Bosnian top judge resigns over corruption allegations | Europe

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The head of the highest judicial body denies the allegations, claims to be a victim of illegal intelligence activities.

The head of Bosnia and Herzegovina’s highest judicial body said he was resigning following pressure from fellow Western judges and diplomats to resign over allegations of corruption, which he denied.

Milan Tegeltija, a Serb, said on Thursday that he would quit the Superior Council of Magistrates and Prosecutors (HJPC), which he has chaired since 2014, because he could no longer do the job because he fears for his safety.

The HJPC, which appoints the country’s magistrates, was created in 2004 to safeguard the independence and impartiality of the judiciary in ethnically divided Bosnia in the aftermath of the 1992-1995 war.

But an independent report commissioned by the European Union last year concluded that it was often seen as an irresponsible center of power run by people serving the interests of a network of political patronage and influence.

Last month, a local news portal published an audio recording in which Tegeltija allegedly advised another council judge on how to get around nepotism charges while employing a relative in the court system.

Tegeltija said the recording, which sparked public criticism against him and the institution, was a fake.

Addressing a press conference Thursday in Banja Luka, in the Serbian-led entity, he said he was the victim of illegal intelligence activity and blamed Bosnia’s largest Bosnian political party, the SDA , for orchestrating a media campaign against him.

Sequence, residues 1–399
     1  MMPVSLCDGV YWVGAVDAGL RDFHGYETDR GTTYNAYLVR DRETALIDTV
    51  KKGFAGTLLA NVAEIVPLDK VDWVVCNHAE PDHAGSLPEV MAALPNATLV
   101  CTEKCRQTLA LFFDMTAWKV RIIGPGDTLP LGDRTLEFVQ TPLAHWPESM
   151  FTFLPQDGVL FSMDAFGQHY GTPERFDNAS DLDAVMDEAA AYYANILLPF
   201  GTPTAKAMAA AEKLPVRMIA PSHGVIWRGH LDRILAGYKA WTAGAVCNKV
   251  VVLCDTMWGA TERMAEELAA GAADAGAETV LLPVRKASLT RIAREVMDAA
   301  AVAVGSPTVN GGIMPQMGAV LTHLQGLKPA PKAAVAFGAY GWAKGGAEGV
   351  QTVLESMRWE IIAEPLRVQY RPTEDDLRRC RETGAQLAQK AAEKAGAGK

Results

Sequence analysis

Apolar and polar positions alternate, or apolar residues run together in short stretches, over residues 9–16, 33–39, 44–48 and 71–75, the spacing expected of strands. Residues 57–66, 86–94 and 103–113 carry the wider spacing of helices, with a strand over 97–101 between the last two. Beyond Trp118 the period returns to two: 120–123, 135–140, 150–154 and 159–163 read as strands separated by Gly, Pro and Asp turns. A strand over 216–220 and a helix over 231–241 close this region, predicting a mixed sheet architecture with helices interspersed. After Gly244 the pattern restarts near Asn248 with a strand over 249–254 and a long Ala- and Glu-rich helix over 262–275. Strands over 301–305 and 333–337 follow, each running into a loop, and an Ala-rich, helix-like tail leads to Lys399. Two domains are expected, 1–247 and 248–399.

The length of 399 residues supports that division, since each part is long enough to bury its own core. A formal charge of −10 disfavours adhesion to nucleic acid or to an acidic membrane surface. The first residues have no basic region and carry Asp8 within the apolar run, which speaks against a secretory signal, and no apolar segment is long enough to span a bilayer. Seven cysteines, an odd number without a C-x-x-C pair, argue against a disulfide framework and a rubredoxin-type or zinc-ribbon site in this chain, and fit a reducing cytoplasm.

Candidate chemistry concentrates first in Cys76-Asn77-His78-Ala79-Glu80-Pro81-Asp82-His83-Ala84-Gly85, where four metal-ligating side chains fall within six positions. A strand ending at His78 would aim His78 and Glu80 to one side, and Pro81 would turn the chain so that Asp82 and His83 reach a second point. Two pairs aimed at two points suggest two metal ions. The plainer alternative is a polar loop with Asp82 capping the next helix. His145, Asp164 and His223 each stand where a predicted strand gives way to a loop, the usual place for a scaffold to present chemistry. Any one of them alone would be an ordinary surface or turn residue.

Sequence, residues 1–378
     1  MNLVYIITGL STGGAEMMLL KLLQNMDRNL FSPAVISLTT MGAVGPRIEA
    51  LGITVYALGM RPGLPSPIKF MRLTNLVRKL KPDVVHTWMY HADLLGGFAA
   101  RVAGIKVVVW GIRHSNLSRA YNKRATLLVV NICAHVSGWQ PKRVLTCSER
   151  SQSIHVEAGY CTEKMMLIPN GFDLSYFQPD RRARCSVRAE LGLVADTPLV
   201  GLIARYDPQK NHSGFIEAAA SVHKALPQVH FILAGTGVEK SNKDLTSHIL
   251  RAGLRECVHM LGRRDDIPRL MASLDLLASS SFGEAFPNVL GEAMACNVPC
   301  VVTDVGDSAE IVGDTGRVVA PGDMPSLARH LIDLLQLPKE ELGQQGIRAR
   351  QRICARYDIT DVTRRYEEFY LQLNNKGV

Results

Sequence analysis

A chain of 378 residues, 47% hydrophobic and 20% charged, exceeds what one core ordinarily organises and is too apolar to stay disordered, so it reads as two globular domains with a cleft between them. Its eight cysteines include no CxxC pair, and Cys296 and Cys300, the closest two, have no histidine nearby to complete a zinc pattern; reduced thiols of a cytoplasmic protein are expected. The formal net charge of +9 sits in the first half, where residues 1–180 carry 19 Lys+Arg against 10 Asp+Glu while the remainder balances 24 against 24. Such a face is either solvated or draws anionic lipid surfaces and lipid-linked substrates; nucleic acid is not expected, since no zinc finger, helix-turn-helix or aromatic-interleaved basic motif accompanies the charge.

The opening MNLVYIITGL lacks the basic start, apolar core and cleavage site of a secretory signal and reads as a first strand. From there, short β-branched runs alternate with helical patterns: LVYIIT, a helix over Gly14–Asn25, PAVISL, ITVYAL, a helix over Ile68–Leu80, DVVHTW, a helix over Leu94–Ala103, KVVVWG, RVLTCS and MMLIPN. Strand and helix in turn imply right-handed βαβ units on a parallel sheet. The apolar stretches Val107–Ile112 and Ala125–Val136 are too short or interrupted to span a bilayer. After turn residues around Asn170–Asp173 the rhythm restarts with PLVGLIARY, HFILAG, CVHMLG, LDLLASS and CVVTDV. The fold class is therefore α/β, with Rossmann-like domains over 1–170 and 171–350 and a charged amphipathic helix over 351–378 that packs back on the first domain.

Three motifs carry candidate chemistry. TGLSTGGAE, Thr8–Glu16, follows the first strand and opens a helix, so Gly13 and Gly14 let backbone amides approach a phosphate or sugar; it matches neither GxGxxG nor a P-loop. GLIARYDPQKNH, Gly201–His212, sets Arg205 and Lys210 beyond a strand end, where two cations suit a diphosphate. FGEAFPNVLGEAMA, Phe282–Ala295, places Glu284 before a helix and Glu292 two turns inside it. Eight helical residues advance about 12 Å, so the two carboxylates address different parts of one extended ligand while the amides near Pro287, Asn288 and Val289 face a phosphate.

Other HJPC judges also called the recording fake, but last week the Council asked Tegeltija to consider resigning because his public image was damaging his relations with international partners.

The EU delegation and the US Embassy in Bosnia also called on Tegeltija to step down.

While welcoming his resignation, the US Embassy also said that this was “just one of many steps the HJPC must take to restore confidence with the citizens of Bosnia and Herzegovina.”

“All officials in the justice sector and the members of the HJPC who appoint them must be held to the highest ethical standards,” he said.

“All judges and prosecutors must take steps to adequately investigate and prosecute corruption at all levels, including when it appears among them.”

The Office of the High Representative of Bosnia (OHR) also urged Tegeltija to step down last month.

“In order to restore the integrity of this leading judicial function, Mr. Tegeltija must demonstrate professional and personal honesty and do what is expected after the continually inadequate performance of his duties,” OHR told the local media.

“The HJPC deserves a different and more professional president.”



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